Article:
Praying with that thought today, I ask myself:

Is my God a happy God?

Our psalm says “Yes!” – a Lover of song, joy, praise, dance, timbrel and harp!

Hallelujah!
Sing to the Lord a new song; 
sing the praises of God in the company of the faithful. 
Let Israel rejoice in their maker;
let the children of Zion be joyful in their sovereign. 
Let them praise the name of the Lord in the dance;
let them sing praise to God with timbrel and harp. 
For the Lord takes pleasure in this people.

Psalm 149:1-4

Only a happy God could have imagined the beautiful gift of Creation we have been given. Stop today to listen, watch, and feel that happiness in sun, rain, wood scent, birdsong, cat purr, baby breath, child play, elder eyes, or the thousand other ways God will try to touch your soul today.


( Praying for the safety of all our friends in Australia with the earthquakes and for people of the Canary Islands.❤️🙏)


Poetry: The Creation of Birds – Renee Yann, RSM

O, the wonderful mood that seized You,
God, as you created birds;
you dancing there, twirling in light,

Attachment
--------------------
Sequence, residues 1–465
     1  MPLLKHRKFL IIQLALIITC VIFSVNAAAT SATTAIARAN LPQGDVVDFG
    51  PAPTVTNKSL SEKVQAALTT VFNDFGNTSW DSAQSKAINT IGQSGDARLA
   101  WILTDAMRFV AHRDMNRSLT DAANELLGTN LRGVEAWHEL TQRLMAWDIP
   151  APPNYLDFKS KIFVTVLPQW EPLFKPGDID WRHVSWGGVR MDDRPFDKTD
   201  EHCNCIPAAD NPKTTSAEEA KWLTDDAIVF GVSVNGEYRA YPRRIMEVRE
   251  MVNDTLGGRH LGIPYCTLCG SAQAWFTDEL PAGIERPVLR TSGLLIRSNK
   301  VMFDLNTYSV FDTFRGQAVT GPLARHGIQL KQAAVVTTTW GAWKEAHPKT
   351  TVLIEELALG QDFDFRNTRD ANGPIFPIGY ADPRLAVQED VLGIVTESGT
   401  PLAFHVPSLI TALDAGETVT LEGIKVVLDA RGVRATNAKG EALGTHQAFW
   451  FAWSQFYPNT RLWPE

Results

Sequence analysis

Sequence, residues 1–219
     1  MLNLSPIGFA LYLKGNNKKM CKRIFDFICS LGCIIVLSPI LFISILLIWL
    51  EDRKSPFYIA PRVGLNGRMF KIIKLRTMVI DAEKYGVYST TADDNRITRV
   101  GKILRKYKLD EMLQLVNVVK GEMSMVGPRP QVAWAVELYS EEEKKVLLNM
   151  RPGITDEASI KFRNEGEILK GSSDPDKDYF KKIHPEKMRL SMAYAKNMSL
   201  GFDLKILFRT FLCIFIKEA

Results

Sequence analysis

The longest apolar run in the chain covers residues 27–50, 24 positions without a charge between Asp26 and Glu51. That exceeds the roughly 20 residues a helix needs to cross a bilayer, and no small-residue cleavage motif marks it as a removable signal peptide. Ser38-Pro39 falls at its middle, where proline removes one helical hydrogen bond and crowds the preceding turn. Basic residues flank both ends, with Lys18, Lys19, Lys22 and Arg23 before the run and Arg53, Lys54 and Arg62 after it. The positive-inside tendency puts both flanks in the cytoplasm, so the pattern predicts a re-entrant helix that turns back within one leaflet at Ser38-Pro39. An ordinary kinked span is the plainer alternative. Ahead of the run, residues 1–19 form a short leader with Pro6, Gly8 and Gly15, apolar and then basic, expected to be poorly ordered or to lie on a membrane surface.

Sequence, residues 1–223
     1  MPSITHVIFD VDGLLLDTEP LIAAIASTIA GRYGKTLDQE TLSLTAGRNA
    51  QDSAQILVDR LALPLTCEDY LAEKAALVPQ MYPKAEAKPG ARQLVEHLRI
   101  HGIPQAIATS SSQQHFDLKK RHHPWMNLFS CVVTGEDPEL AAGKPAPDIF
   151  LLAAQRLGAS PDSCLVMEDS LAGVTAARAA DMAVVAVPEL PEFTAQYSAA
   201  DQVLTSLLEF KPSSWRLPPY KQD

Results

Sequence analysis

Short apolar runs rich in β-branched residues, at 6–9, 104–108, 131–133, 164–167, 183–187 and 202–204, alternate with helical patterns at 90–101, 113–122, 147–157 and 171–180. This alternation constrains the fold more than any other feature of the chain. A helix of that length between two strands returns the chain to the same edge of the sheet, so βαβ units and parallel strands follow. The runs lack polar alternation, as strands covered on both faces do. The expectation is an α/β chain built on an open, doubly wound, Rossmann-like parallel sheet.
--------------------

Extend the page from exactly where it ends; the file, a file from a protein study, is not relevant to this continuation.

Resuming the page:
flinging your crystal arms to infinite music,
flicking your hands like magic fountains,
feathers and colors splashing out from your fingertips,
chattering, rainbowed profusions
of your Boundless Life.

Your inexhaustible, joy-filled soul laughing out
the soaring beings into the still universe,
peals of you infusing them each
to their measure with notes of your inner song.
O, I see your Holy Eyes flash color to them
as they fly, strobing their feathers
with shards of your prismed white light.

This morning, seeing only one, 
free and jubilant in a thin sycamore,
I consume it as part of your Delightful Essence,
this day’s communion with you, 
grey and orange wafer filling me 
with mysteries of the primal dance 
from which we both were born.

Music: You Delight in Me – Life Center Worship